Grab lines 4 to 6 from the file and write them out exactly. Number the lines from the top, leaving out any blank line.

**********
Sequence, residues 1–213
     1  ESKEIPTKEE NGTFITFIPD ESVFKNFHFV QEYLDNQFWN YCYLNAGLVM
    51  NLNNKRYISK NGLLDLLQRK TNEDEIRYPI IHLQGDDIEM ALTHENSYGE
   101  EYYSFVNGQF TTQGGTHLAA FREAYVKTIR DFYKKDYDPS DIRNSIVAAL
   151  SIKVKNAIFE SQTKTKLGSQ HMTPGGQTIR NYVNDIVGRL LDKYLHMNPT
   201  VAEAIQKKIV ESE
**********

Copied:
   101  EYYSFVNGQF TTQGGTHLAA FREAYVKTIR DFYKKDYDPS DIRNSIVAAL
   151  SIKVKNAIFE SQTKTKLGSQ HMTPGGQTIR NYVNDIVGRL LDKYLHMNPT
   201  VAEAIQKKIV ESE